Like so many other people in Tokyo, I head out of the city at this time of the year whenever I can. One short trip was to a ‘dog onsen (spa)’ on the Izu Peninsula where we could relax with our miniature schnauzer, Momo. The next trip in early July was to Japan’s third-largest city, Osaka, most famous for the business acumen of its residents. It’s funny. Despite it not being as bustling a metropolis as Tokyo, over in Osaka, people don’t ask, ‘How are you?’ when they meet you. They ask, ‘How’s your business?’
The reason for my trip was Art Osaka, where we exhibited work from Gakushi Yamamoto, Joji Shimamoto, Giang Nguyen and Jun Ogata. It was the 10th year for this art fair and the fourth year it was held at the beautifully restored Dojima Hotel.
If you’ve never been to one of these hotel art fairs, I highly recommend it—especially if you are a starting out as a collector. Each gallery rents a different room in the hotel and shows the work from their artists in that room. We were one of more than 40 galleries exhibiting in Osaka. You can see a lot of art in a short period of time.
At Art Osaka this year there were works from about 100 different artists, and the best part is that most of them are from Japan. And as an added bonus, since it all takes place in a residential type of setting, you can imagine what the work would look like if you had it in your home. In the room for our gallery, we hung art over the bed, above the TV, in the bathroom and we put a sculpture on the desk to answer the question we often hear: ‘Where will I put it?’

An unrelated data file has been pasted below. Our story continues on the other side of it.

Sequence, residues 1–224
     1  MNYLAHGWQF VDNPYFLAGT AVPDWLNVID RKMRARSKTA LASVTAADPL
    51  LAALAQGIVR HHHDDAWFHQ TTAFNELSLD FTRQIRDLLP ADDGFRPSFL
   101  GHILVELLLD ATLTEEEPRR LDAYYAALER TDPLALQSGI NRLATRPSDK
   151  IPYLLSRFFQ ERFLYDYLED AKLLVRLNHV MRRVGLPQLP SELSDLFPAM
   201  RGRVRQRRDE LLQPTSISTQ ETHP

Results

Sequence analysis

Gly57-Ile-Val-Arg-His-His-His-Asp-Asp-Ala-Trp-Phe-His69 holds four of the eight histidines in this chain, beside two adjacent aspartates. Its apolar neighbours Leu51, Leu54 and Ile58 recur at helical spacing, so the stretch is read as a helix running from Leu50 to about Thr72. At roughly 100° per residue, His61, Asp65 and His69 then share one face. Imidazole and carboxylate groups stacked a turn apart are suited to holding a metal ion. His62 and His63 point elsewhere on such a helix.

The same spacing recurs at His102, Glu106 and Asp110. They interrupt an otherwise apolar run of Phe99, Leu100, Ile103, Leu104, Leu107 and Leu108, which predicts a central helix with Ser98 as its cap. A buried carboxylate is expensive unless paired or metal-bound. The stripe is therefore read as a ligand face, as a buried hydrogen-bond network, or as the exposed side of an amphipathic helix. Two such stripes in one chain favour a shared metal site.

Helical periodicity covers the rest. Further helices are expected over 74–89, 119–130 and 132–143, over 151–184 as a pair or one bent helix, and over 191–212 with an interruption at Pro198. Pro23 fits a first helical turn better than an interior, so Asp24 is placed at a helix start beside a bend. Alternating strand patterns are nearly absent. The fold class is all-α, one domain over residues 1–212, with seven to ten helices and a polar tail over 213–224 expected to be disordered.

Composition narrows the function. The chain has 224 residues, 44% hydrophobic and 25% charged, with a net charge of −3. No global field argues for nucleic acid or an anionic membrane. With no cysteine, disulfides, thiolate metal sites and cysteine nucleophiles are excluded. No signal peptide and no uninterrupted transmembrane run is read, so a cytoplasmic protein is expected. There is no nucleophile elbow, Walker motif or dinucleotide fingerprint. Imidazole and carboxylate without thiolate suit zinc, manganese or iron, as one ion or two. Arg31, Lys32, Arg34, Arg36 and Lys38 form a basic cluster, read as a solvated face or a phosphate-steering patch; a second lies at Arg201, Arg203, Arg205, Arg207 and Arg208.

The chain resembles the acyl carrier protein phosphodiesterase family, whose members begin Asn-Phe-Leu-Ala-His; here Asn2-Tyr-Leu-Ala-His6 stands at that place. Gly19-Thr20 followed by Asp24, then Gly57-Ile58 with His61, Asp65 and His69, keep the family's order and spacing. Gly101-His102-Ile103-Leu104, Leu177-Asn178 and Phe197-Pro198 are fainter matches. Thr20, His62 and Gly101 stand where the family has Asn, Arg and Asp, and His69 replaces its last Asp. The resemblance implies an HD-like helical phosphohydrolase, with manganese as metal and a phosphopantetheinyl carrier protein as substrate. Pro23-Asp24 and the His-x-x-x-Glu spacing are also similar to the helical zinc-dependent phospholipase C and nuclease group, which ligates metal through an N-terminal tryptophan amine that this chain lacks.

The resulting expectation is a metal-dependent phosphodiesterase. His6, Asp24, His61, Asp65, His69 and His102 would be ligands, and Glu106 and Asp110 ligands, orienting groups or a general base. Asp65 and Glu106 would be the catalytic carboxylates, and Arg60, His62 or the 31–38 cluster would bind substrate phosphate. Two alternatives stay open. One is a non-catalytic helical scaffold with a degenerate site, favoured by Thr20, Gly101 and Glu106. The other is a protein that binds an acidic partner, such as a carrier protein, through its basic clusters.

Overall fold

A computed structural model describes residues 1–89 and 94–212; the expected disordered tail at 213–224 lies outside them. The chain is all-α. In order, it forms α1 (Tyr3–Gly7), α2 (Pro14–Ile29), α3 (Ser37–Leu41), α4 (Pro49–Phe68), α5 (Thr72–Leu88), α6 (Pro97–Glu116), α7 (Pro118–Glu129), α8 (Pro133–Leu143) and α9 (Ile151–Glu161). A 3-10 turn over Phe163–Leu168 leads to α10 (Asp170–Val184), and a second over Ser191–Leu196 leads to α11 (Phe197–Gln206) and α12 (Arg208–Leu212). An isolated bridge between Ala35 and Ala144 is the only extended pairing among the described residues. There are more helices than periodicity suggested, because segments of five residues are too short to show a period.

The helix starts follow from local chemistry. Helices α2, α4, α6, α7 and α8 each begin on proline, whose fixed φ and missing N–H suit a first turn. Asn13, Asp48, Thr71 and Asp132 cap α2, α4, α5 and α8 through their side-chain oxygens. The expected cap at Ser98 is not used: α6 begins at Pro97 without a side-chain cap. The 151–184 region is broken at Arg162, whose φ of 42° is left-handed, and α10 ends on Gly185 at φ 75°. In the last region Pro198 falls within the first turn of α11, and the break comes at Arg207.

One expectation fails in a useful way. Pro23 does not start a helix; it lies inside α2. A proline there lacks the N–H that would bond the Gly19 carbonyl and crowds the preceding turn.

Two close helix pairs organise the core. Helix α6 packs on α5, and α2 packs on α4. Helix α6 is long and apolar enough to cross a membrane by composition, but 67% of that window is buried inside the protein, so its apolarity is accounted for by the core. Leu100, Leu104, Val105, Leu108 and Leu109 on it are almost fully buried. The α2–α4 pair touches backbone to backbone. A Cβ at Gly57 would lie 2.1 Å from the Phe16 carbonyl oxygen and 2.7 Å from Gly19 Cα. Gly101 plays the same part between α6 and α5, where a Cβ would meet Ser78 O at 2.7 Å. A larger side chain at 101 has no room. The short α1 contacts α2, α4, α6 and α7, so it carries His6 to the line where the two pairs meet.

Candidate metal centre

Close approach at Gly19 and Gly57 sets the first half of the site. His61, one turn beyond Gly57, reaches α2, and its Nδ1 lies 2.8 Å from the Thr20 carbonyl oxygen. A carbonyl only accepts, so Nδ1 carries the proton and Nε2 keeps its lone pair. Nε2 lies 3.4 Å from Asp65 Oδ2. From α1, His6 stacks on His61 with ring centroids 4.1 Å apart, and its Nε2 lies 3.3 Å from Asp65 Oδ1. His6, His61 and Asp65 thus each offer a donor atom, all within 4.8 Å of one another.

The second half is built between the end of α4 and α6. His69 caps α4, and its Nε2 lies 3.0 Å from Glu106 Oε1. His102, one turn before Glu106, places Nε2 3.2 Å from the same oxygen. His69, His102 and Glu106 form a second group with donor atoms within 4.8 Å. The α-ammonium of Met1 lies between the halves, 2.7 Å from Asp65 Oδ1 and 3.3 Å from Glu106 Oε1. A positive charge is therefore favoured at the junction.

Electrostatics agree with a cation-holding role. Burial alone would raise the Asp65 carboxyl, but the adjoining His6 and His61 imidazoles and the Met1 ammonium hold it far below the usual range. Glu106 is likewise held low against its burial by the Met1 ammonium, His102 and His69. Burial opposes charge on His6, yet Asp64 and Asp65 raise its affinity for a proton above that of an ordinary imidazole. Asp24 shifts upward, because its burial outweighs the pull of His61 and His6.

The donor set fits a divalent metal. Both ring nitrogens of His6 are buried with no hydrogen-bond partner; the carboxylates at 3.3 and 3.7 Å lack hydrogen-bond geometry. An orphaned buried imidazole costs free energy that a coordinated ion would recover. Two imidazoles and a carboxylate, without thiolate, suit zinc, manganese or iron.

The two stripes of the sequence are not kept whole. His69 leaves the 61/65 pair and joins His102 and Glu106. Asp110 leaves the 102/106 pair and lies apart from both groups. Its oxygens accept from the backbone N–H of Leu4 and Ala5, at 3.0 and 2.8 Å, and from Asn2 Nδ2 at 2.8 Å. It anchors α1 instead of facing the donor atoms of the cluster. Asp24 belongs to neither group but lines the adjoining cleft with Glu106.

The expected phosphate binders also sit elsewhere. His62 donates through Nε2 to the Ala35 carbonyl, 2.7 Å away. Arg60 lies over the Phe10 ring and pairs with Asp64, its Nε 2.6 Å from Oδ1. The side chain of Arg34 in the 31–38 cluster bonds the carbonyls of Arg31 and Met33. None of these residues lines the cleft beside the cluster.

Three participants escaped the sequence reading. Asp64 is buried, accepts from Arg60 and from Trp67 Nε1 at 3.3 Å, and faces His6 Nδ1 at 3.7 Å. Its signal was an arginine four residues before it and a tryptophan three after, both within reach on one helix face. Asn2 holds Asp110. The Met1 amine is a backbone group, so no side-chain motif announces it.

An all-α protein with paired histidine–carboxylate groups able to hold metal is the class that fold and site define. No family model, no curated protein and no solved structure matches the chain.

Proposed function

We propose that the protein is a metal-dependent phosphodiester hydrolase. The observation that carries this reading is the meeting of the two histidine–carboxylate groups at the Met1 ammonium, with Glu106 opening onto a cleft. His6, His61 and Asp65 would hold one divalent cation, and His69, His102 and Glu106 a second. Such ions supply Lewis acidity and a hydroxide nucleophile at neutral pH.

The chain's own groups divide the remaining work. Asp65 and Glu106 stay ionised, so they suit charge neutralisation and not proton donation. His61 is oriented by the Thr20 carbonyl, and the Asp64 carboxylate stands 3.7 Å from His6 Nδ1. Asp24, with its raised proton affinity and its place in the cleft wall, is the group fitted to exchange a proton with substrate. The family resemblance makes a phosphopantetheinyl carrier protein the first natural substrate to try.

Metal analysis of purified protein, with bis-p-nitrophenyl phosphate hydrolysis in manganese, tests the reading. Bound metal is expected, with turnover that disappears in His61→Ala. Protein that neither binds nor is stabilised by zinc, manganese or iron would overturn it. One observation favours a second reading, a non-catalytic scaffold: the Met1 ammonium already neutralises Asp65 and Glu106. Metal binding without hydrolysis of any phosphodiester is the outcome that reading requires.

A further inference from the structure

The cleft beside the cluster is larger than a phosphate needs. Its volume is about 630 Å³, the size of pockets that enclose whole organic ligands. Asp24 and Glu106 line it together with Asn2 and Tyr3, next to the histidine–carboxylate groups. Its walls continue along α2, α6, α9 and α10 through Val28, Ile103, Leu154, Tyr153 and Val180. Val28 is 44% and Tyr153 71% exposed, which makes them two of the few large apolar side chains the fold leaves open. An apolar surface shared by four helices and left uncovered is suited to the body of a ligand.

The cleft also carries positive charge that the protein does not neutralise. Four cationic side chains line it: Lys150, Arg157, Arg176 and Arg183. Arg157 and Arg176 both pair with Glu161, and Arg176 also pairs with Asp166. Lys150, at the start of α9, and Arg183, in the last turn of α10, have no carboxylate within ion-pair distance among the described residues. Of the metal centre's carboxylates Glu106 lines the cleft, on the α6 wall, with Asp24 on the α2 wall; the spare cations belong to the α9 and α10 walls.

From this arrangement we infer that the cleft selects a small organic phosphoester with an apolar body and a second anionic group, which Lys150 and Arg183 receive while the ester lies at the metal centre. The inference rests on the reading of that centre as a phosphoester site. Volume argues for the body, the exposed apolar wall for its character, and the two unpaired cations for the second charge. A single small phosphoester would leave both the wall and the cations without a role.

These days in Japan, you’ll have to go to the Kansai region for this kind of art fair, which is also held at hotels in Kyoto and Kobe. (Art Agnes which, was a similar kind of show at the Agnes Hotel in Tokyo, held its final show in 2009.)
The atmosphere in these hotel art fairs is more akin to a treasure hunt than a visit to a white cube gallery space or a big art fair held in a convention centre. As you go from room to room, you never know what you’ll see next. It’s easy to get into a daze and you might forget where you saw something that you like.
I like to see what other galleries are showing at these hotel fairs. I get around early and take a quick look into every room and write down the room numbers of the ones I like best. I then go back to these rooms and galleries to take a closer look at the work and talk with the gallerists and artists.
This year at Art Osaka, the number of visitors was the highest ever and so many of the works sold for less than 100,000 yen. It’s a far cry from the scene in Hong Kong where there is huge competition for works by the famous Chinese artists like Zhang Xiaogang and Yue Minjun that sell for hundreds of thousands of dollars.
So next week, I’ll write about some of the galleries I liked best. Art Osaka is over, but you can still visit them in their gallery spaces.